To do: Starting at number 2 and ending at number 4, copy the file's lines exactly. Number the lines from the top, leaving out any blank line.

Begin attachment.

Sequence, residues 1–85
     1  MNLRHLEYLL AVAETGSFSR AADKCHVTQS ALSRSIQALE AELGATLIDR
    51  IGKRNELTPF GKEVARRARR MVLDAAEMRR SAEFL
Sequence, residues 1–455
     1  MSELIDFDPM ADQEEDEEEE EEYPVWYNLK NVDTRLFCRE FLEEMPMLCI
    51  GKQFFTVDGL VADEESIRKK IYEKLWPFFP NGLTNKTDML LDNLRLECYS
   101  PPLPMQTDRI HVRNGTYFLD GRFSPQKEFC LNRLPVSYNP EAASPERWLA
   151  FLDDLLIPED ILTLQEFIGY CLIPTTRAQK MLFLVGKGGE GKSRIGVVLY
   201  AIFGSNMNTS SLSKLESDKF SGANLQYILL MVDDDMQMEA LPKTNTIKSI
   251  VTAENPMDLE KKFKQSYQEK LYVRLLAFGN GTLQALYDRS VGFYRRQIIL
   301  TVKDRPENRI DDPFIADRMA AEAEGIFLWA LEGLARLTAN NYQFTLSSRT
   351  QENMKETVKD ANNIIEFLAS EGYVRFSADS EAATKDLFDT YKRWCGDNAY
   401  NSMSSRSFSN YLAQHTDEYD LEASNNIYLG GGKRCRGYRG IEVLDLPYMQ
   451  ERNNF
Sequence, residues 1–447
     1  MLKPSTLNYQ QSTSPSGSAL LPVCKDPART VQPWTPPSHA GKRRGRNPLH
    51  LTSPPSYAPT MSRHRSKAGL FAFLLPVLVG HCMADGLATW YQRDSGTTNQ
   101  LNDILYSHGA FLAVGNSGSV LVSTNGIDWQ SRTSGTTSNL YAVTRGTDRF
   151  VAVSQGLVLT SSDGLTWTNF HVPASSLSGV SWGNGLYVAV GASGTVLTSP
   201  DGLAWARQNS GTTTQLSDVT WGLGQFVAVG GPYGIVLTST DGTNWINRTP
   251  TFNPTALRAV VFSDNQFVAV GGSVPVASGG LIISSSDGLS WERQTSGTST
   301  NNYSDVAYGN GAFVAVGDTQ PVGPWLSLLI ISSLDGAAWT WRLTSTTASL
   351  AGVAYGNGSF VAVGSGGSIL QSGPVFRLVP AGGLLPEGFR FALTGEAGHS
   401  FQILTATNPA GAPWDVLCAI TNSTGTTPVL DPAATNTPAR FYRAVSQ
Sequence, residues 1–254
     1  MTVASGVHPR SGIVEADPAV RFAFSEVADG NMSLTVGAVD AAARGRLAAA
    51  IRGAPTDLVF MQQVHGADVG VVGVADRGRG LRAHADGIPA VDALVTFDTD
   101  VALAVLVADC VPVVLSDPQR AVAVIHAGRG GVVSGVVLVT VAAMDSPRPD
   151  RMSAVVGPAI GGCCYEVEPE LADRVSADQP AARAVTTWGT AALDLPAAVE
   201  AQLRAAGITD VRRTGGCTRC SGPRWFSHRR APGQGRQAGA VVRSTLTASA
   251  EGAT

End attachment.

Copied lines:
     1  MNLRHLEYLL AVAETGSFSR AADKCHVTQS ALSRSIQALE AELGATLIDR
    51  IGKRNELTPF GKEVARRARR MVLDAAEMRR SAEFL
Sequence, residues 1–455